This post is featured on SHRM’s We Know Next blog. Join me January 15 at 3:00E for a #Nextchat on creating a groundswell in HR.
Much like a groundswell where a massive storm can create huge waves and a rise in the sea level, a groundswell among large groups of individuals — using the power of technology and social media to connect — can create a major surge in support, approval and enthusiasm to accomplish goals. Companies have started using groundswells to inspire consumers to rally around a cause — and a brand. Procter & Gamble successfully created a groundswell around the Secret brand with their “Fearless” campaign.
However, motivating people to become passionate and share that passion with others can be a difficult endeavor. Last fall, I wrote a blog for SHRM We Know Next about building a groundswell with your team. Now let’s look at the HR perspective.
Groundswells in HR can be used for a variety of endeavors from the adoption of a new technology to encouraging employees to rally around an organizational goal. They can also help talent management and employer brand initiatives by showcasing a positive and engaged workplace culture.
As a reminder, the groundswell happens when people, economics and technology collide. In theory, we should already be there when it comes to the power of talent management.
Let’s think about these three elements of the groundswell and what that means to HR:
People: Employees are critical to success of business. Whether your organization is trying to fill more strategic roles, experiencing a lack of certain skillsets, or having to get more creative with a contingent workforce, the makeup of your people will be changing as your business continues to align itself for the future (and the future changes quite rapidly). Continuous measurement and gap analysis will probably become the best processes you can institute in your organization. You’ll be taking a true pulse of the organization.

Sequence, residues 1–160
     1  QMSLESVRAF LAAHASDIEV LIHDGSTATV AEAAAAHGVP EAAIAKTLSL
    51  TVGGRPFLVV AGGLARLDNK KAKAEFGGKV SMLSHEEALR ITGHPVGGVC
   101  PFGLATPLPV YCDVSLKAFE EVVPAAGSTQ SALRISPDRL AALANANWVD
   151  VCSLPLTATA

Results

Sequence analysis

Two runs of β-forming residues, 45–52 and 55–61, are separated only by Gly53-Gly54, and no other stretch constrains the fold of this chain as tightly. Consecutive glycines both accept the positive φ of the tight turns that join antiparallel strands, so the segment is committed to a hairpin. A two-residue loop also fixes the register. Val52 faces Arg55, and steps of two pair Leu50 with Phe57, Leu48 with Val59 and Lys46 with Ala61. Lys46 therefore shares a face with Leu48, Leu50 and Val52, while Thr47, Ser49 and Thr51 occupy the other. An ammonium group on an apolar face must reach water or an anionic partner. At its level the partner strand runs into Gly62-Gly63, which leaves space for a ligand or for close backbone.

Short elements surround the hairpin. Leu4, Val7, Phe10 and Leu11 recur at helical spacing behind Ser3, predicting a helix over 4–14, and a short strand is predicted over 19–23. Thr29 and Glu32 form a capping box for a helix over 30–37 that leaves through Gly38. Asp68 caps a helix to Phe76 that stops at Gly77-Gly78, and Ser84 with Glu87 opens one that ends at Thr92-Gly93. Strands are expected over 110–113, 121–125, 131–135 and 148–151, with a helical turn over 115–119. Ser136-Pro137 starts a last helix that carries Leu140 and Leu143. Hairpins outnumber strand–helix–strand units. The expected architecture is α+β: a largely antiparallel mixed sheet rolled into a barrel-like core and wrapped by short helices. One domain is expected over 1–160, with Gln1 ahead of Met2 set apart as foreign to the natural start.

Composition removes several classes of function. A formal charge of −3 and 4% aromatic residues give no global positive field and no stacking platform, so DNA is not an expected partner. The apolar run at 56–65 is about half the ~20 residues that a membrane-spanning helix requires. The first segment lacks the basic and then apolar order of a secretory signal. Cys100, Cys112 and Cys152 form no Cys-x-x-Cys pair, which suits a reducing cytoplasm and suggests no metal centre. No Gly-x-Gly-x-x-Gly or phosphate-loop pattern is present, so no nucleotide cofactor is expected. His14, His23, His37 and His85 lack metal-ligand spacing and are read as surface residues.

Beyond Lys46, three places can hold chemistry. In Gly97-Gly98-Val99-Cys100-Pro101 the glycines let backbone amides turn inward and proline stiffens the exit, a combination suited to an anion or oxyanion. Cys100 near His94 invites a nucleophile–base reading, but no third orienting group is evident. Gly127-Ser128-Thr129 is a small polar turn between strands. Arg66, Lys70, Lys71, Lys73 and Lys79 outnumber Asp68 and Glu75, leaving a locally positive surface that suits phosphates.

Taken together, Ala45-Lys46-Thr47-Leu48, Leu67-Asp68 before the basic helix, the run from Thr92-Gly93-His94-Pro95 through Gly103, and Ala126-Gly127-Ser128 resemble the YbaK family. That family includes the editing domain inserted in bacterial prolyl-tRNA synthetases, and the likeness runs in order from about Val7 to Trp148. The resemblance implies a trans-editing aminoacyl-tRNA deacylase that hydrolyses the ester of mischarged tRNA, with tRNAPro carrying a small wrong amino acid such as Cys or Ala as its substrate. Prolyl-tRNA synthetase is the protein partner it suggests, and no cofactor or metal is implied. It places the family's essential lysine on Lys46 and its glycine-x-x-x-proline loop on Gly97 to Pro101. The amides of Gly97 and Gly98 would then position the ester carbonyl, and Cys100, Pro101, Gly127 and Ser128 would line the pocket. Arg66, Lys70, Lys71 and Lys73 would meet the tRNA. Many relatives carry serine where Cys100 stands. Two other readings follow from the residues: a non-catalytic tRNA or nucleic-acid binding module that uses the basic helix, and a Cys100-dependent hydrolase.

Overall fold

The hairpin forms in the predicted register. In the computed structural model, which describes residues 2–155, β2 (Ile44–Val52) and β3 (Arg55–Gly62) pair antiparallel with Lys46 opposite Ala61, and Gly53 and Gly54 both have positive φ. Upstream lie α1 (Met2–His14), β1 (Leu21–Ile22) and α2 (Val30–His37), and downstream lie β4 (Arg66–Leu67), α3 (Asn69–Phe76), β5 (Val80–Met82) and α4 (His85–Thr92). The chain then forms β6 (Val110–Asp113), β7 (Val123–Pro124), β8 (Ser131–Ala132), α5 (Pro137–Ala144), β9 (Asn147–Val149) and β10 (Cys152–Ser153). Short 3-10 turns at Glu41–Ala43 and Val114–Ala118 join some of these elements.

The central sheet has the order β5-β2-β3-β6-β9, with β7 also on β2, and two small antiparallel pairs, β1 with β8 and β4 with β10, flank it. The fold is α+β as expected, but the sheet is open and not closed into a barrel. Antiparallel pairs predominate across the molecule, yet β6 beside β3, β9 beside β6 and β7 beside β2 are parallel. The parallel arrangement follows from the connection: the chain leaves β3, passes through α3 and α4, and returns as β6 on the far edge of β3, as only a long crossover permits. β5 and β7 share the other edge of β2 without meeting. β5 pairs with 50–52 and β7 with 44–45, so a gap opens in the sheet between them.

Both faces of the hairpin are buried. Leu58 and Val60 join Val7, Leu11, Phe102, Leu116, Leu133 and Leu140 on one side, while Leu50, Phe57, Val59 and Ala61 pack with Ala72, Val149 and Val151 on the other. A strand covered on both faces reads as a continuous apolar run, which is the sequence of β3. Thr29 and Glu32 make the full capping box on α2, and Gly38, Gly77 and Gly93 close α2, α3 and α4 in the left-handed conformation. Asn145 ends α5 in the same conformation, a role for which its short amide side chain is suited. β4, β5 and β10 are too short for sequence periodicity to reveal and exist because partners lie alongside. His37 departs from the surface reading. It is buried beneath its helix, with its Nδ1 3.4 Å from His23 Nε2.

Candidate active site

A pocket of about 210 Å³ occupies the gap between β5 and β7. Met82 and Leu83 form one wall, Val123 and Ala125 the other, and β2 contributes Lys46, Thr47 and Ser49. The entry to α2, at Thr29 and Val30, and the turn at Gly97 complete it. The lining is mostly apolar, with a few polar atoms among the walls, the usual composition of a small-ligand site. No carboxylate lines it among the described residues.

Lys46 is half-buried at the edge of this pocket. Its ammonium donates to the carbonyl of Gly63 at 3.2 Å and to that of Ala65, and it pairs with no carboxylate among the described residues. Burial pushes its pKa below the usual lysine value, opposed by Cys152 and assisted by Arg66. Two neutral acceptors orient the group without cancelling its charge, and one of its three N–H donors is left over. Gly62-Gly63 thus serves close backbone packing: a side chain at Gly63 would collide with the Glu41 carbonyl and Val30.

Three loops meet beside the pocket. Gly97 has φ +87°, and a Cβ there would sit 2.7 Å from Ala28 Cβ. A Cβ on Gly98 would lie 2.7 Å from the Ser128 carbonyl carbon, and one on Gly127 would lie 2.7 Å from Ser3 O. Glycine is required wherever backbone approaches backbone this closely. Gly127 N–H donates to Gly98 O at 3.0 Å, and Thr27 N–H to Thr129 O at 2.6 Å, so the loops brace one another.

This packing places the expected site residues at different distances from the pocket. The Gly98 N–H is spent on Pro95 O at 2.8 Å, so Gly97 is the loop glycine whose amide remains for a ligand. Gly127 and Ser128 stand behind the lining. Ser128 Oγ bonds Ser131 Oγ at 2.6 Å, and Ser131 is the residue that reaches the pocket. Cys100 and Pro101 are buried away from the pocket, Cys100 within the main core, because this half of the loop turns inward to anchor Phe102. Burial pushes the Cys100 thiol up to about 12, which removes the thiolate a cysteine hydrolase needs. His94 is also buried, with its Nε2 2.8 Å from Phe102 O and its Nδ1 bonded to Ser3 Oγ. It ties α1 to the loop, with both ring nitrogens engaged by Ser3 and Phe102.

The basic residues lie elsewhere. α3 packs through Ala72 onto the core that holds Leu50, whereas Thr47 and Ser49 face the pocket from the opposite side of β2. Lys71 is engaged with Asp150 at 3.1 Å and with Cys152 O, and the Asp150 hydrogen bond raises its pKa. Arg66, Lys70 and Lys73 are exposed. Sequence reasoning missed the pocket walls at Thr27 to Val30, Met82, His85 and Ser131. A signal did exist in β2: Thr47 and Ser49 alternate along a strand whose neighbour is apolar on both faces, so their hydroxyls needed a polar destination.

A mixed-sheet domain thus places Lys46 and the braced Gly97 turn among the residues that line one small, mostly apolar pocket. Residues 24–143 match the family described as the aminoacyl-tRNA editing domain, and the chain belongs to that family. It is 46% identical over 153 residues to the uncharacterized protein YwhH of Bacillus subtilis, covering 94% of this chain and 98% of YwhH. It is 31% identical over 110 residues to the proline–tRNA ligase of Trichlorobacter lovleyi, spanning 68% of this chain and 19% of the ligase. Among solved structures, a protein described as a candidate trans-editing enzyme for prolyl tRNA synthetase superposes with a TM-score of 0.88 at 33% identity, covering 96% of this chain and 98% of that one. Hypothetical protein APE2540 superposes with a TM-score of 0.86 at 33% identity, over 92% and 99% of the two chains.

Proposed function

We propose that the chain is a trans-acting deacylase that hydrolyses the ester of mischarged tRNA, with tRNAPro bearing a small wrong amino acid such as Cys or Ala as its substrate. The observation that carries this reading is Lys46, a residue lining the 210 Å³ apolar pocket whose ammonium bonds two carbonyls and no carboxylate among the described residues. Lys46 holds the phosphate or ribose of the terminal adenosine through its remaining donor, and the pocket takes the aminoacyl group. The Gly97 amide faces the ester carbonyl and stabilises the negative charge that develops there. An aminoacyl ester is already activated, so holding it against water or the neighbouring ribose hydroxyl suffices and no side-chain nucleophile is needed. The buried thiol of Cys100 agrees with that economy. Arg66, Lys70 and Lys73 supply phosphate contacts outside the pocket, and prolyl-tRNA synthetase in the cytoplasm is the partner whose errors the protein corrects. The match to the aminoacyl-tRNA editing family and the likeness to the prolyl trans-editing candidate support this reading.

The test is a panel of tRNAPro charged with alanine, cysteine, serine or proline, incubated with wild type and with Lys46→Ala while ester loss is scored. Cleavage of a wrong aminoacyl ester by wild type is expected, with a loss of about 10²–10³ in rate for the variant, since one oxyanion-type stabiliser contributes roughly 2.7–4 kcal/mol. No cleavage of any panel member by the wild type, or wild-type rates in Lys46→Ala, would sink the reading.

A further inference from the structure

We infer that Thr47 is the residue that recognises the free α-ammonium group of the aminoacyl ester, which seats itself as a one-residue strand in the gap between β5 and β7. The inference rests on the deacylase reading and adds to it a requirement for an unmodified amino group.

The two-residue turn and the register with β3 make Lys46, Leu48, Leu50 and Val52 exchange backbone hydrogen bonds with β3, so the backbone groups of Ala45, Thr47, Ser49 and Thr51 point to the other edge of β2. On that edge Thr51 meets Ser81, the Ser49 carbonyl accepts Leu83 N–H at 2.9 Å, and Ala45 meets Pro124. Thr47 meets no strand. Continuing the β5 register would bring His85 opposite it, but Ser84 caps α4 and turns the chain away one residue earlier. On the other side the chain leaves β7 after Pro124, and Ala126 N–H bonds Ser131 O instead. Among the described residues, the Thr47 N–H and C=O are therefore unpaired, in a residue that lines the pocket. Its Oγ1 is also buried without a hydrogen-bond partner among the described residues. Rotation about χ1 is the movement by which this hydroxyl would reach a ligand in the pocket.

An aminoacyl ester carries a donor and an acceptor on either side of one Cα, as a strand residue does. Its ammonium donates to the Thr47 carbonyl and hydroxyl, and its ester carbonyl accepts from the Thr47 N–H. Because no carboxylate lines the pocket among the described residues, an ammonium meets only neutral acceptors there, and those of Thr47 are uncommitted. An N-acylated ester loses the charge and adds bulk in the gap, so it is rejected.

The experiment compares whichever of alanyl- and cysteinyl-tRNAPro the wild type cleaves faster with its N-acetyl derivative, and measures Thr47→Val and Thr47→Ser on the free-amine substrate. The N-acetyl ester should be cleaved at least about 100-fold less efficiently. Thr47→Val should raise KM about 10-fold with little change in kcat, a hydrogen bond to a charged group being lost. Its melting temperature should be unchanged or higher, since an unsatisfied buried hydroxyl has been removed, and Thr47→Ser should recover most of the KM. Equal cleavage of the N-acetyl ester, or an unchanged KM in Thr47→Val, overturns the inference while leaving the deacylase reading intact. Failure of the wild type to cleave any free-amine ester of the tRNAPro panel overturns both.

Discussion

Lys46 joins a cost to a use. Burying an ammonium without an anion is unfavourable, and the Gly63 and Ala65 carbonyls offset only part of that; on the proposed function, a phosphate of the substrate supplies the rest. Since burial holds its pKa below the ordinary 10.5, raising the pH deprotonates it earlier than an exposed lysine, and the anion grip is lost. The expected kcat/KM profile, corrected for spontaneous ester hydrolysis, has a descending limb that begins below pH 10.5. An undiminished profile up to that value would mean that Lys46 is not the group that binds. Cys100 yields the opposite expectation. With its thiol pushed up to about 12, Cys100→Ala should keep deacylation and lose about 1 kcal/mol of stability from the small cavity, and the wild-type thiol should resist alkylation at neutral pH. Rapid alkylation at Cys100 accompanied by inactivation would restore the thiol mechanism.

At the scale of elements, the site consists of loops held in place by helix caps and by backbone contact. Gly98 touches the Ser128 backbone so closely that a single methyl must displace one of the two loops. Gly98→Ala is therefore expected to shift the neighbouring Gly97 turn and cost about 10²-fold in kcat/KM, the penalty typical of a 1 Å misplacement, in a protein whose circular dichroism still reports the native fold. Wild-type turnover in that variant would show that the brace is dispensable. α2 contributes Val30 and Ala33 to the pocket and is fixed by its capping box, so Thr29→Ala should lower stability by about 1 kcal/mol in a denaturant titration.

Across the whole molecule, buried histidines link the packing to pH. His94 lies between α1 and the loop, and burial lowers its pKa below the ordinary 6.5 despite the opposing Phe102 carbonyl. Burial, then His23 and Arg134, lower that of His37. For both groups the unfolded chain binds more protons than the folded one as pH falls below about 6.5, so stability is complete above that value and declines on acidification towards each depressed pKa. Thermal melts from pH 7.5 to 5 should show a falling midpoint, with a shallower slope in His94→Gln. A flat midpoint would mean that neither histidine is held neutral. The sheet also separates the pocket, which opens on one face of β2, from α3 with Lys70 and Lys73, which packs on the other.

Economics: Even if you’re not a fan of the math, basic supply and demand will heavily influence your ability to make change when it comes to the future of your organization’s talent. You’re going to experience economic influences on everything from the compensation structures to the market values of talent, as well as the actual performance of the business. Educating yourself on the factors that can influence the existing economy (government negotiations, world events, the aging workforce), will help you to prepare for scenarios that will affect your business and talent.
Technology: You probably feel like you’re on speed dial with every HCM sales rep out there. Do you need analytics? Engagement software? Communication systems? And when companies are using six or more different HCM systems, it’s easy to feel overwhelmed with the options and what they’re going to mean for your organization. The best thing you can do is push for a balance between foundational platforms that allow for interoperability (so systems talk to each other) and commercial-like interfaces that make it easy for anyone to use the technology.
You don’t have to suddenly become an economist or an information systems specialist to take your people specialty and make a groundswell in the business. You just need to be informed.
Please join @weknownext at 3 p.m. ET on Jan. 15 for #Nextchat with special guest, Next Official Blogger, Emily Jasper (@emilyjasper). We’ll chat about how HR can use technology, economics and people to create groundswells of success in their organizations.
Q1. As an HR pro, do you think groundswells are a passing fad or the new way to accomplish goals in a socially connected world?
Q2. What HR initiatives make the best cases for groundswells?
Q3. Do you need high levels of employee engagement to create groundswells or do groundswells create high levels of engagement?
Q4. What are the first steps to creating a powerful groundswell in your organization?
Q5. How can social media be used to amplify communication in a groundswell campaign?
Q6. How can groundswells help when implementing new HR or other enterprise-wide technology?
Q7. Do groundswells need executive level buy-in to be successful or can they be just as successful at the grassroots level? Why?
Q8. How do you know if a groundswell was successful in your organization? How do you measure it?
Q9. How have you used groundswells in your organizations to successfully accomplish goals?